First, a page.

Learn how you can stall the development of full-blown Multiple Myeloma with evidence-based nutritional and supplementation therapies.
Click the orange button to the right to learn more.
You’ve been diagnosed with monoclonal gammopathy of undetermined significance (MGUS) and you are trying to wrap your brain around this diagnosis. It is an asymptomatic “blood disorder” yet it can become a full-blown diagnosis of an incurable blood cancer called multiple myeloma.
My experience as a long-term MM survivor is that the more you the patient, learn about your diagnosis, the more in control you will become.
Click the mind map below to learn more about MGUS-
This may sound odd but from my perspective you are in a kind of a cancer sweet spot. By this I mean that your diagnosis should motivate you to make an effort to remain PRE-MM. And you can be certain you are pre-MM or MGUS only through diagnostic testing your blood, marrow and bones.
MGUS at a glance-
Frankly, regular testing is a small price to pay considering the downside risks of your monoclonal gammopathy of undetermined significance becoming Multiple Myeloma. The diagnostic testing linked below will explanation of some of the tests you will have short and/or long term.
If you do not want to “watch and wait” to see if your pre-MM progresse to Multiple Myeloma scroll down the page, post a question or a comment and I will reply to you ASAP.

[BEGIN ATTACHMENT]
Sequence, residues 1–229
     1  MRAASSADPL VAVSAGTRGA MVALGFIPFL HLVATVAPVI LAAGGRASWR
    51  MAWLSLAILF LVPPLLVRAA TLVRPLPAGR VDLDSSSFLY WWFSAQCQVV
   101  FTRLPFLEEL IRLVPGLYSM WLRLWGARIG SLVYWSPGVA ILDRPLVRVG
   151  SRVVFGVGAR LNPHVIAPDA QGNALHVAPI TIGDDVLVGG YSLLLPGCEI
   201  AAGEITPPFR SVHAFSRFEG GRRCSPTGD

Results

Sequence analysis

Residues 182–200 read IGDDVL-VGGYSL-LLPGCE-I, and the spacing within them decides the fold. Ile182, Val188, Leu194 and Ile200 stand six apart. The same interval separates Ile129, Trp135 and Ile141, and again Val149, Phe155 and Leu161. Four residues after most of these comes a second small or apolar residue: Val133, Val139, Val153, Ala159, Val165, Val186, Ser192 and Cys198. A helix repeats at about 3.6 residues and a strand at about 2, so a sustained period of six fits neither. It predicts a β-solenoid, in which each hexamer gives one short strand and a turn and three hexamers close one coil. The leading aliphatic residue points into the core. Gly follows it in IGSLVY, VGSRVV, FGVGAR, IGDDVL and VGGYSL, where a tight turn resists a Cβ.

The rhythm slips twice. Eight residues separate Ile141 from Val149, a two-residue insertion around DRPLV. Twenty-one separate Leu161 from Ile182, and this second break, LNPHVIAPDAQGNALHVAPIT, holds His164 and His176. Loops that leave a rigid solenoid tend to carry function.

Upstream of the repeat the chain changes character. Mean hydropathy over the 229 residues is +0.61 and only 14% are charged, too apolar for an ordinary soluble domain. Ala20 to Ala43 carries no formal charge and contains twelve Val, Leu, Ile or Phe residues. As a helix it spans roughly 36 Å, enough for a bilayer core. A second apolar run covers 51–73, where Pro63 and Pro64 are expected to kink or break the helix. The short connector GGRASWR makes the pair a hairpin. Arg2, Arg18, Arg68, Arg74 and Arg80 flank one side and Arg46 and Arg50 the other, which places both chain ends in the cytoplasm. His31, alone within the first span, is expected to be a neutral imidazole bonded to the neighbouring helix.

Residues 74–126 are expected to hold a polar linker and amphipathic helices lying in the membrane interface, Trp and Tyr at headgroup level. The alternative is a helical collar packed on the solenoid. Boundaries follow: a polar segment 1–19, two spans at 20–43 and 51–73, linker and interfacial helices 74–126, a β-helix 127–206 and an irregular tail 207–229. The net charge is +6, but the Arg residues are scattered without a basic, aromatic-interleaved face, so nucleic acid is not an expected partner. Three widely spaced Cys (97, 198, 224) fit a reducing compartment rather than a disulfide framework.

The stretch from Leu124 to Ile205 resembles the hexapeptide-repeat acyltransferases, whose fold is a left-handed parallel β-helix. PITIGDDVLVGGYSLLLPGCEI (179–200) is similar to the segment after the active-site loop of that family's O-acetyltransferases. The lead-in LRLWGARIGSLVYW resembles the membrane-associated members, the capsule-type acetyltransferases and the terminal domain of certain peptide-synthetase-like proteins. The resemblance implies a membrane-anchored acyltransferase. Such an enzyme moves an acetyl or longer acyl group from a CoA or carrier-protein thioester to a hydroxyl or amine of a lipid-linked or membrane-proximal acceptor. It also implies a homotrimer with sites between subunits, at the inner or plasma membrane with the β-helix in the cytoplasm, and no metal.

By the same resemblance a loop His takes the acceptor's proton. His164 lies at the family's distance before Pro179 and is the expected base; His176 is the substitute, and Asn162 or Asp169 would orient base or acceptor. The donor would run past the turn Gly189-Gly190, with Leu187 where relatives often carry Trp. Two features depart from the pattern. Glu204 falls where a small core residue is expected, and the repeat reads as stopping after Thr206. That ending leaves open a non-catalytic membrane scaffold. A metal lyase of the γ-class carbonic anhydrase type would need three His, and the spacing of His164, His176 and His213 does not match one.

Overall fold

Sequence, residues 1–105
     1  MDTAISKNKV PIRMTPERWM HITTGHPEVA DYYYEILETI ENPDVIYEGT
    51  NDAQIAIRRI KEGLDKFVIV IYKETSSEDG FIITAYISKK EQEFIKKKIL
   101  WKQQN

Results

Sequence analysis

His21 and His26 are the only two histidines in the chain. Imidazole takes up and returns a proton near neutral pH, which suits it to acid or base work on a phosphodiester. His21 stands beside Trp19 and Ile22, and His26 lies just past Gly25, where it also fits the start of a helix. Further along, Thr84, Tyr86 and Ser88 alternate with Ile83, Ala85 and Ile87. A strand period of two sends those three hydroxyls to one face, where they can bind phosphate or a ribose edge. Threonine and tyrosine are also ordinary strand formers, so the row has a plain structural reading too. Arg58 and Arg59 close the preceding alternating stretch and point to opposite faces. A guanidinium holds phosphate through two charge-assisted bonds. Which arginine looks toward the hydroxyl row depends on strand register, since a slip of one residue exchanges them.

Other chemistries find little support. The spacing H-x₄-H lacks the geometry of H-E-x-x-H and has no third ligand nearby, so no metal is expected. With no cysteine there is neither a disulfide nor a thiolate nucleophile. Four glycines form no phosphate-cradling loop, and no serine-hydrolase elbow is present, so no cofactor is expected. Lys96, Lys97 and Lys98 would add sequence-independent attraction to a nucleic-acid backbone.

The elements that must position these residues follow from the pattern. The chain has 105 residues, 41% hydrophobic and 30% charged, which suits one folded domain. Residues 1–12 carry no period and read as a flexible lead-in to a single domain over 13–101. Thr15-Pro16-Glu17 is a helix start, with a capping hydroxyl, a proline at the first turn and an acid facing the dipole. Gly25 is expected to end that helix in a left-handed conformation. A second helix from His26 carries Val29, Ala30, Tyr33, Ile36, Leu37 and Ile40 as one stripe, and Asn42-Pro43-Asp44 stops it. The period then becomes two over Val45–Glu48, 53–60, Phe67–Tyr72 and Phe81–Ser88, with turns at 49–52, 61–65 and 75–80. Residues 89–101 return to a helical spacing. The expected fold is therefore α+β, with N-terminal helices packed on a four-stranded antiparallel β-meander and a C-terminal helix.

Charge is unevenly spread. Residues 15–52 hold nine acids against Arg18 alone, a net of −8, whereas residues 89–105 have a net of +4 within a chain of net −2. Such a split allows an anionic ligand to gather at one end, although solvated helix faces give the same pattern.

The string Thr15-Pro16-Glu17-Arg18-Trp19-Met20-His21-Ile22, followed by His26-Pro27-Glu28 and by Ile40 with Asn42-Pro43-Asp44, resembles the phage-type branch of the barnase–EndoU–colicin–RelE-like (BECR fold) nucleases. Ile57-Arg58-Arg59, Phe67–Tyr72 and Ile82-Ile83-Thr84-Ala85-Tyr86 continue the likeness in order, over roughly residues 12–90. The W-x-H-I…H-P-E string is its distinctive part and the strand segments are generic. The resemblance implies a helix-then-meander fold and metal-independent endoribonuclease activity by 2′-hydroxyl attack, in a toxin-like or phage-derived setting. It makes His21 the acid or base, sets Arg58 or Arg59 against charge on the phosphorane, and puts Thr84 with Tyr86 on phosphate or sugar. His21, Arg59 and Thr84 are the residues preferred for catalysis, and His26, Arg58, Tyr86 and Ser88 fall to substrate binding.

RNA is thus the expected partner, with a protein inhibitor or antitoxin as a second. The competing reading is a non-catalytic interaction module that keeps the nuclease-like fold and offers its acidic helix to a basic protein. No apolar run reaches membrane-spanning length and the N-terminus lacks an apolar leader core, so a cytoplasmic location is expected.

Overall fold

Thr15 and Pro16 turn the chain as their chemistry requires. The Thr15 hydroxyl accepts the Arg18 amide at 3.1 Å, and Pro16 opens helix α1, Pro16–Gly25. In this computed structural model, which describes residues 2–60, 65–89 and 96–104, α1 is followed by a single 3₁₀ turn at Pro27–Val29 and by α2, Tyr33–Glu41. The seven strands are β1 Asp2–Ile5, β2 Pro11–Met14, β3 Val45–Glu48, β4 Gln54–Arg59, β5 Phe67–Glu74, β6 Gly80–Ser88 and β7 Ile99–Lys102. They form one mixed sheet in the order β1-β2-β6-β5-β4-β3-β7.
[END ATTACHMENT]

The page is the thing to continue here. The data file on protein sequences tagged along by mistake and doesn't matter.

Consider monoclonal gammopathy of undetermined significance therapies such as:
“MGUS is usually detected during blood tests for another condition, such as a certain nerve disorder (peripheral neuropathy). The blood tests can show abnormal proteins as well as unusual amounts of normal proteins. If your doctor detects monoclonal gammopathy, further testing may be recommended to determine which M protein your body is making and how much is being made…”
“Serum protein electrophoresis (SPEP) is an easy, inexpensive method of separating proteins based on their net charge, size, and shape…”
“Immunoglobulin light chains that are circulating in serum in a free (unbound) state are called free light chains (FLCs). Measurement of the serum level of FLCs became practical as a clinical blood test in recent decades..”
“Multiple myeloma is the most common primary malignant neoplasm of the skeletal system. The disease is a malignancy of plasma cells. Clinical definitions of the various myeloma subtypes have been updated as have the imaging definitions of what constitutes bone marrow disease and individual bony involvement..”
“Our findings suggest that reports on bone biopsies should include in addition to the number of plasma cells, the pattern of plasma cell infiltration and the presence or absence of multiple lymphoid nodules…”